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Television Advertising Government

A Year After Ban On Loud TV Commercials: Has It Worked? 288

Posted by Soulskill
from the where's-the-beef dept.
netbuzz writes "It's been a year since the FCC implemented the CALM Act, a law that prohibits broadcasters from blasting TV commercials at volumes louder than the programming. Whether the ban has worked or not depends on who you ask. The FCC notes that formal complaints about overly loud commercials are on the decline in recent months, but those complaints have totaled more than 20,000 over the past year."
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A Year After Ban On Loud TV Commercials: Has It Worked?

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  • by kimvette (919543) on Wednesday December 11, 2013 @07:11PM (#45665311) Homepage Journal

    Oh, you're THAT GUY [theonion.com]!!

  • by GumphMaster (772693) on Wednesday December 11, 2013 @07:52PM (#45665765)
    I Don't Own a TV [xkcd.com]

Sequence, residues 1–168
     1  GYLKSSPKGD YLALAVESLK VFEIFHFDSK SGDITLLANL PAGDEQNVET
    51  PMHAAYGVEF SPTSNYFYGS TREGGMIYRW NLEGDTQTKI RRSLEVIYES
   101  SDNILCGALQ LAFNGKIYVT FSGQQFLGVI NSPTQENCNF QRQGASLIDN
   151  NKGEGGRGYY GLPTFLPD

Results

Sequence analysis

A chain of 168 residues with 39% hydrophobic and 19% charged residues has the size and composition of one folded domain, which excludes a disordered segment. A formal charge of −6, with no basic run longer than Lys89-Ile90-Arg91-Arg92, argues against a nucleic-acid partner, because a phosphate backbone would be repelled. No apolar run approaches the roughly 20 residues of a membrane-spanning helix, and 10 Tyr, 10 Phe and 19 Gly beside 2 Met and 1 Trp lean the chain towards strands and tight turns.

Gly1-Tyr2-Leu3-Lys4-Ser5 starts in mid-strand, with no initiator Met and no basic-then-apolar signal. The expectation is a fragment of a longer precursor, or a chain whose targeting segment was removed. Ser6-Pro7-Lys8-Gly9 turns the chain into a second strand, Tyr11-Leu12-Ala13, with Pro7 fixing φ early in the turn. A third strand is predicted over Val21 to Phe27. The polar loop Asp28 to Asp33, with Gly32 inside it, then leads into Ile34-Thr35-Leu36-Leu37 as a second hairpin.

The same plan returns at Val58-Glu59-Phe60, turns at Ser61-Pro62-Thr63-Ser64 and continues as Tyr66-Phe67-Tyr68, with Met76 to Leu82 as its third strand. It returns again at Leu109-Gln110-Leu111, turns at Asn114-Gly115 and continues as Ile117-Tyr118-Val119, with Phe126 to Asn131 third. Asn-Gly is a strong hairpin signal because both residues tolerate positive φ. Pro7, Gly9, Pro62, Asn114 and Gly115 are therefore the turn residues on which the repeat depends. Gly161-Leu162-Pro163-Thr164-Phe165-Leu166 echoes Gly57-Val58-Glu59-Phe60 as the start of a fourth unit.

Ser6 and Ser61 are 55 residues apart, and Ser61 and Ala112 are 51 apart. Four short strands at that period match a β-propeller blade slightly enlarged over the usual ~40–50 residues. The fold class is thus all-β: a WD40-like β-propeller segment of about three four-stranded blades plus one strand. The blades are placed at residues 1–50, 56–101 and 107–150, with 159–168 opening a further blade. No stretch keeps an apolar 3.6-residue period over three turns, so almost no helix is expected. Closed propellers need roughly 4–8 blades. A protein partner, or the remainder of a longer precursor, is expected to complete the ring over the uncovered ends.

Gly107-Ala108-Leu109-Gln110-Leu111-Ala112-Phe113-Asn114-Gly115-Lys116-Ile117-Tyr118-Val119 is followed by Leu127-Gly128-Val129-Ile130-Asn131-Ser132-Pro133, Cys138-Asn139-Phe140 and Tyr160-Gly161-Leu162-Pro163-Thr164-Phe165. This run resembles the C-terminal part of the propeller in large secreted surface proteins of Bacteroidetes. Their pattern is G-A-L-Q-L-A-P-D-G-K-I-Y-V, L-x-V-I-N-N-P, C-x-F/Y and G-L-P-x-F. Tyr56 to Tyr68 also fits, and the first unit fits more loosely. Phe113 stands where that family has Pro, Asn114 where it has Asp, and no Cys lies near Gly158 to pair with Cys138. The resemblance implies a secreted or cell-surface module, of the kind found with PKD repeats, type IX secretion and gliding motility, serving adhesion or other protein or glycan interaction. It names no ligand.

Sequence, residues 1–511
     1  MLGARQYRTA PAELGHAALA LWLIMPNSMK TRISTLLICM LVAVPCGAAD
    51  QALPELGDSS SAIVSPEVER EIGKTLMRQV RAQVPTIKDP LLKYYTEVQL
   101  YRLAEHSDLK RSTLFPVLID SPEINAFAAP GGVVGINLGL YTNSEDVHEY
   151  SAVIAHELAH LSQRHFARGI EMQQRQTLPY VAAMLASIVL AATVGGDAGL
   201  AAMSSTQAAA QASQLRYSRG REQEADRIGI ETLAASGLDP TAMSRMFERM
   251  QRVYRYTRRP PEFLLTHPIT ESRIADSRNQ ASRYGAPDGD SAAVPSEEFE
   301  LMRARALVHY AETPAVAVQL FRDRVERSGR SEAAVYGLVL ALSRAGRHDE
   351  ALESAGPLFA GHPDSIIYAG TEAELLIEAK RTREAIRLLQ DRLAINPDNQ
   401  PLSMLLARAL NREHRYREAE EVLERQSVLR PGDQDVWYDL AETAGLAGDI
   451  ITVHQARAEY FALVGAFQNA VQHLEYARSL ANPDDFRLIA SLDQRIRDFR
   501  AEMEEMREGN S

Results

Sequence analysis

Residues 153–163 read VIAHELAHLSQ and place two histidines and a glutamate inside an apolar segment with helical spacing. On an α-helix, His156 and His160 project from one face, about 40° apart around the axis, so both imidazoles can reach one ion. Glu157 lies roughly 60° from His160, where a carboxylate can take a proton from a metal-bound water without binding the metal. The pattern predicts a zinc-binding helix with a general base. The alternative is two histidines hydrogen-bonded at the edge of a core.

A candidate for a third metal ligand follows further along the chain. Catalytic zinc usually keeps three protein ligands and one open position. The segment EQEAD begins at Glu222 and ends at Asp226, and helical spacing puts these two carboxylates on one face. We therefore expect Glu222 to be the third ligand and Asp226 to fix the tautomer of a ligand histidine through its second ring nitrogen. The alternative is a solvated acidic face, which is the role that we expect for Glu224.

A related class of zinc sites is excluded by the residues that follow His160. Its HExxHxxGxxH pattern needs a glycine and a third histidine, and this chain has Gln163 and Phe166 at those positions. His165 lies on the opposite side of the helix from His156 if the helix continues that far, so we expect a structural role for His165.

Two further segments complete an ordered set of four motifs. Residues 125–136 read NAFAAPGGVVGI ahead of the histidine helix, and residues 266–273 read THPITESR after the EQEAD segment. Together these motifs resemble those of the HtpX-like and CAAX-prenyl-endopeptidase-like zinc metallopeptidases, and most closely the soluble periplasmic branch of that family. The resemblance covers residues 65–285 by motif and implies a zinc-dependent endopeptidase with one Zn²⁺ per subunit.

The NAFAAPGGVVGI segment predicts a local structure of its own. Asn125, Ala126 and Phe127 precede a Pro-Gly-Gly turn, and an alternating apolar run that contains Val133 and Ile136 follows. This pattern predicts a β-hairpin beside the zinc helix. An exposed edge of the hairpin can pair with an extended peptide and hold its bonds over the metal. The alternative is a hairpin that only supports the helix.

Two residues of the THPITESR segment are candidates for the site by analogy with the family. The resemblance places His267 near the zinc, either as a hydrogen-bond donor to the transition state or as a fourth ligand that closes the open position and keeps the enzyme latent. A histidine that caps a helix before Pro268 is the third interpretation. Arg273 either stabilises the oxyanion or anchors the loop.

• by Anonymous Coward on Wednesday December 11, 2013 @08:16PM (#45666011)
    Nice conspiracy and you may be correct since we all know the sleaze in the ad business but at least for the wub-wub part, that is due to the current popularity amongst teens and young adults with dubstep music. A pic my daughter used to keep on her desktop said "Dubstep- my heart doesn't beat, it wobbles." For an old fuck like me, it is a truly horrendous musical genre that isn't welcome on my lawn. To imagine what it sounds like just envision what you might hear outside of a closed garage door that has 2 Transformers fucking inside. Good ol' Tranformer hate sex. This genre is popular amongst most of the nerd crowd so I dare not post this honest flame under my UID.
  • by zippthorne (748122) on Wednesday December 11, 2013 @09:07PM (#45666469) Journal

    The problem could easily be solved by, instead of regulating the volume levels, regulating that the media companies cannot own the DVR companies.

    The DVR companies would then compete on features, one of which being commercial skip. If the commercials are kind enough to make themselves easily identifiable by noticeably higher volume, the commercial skip feature of your typical DVR will be happy to use that data to accurately slice them out.

    The war ends with commercials being better integrated with the content, either through product placement or through matching the style of the content they are inserted in.

    That is, as long as the DVR producers are ideologically and financially separate from the companies selling the ads....

  • by Anonymous Coward on Thursday December 12, 2013 @08:48AM (#45669467)

    A DVR?

    What do I win?

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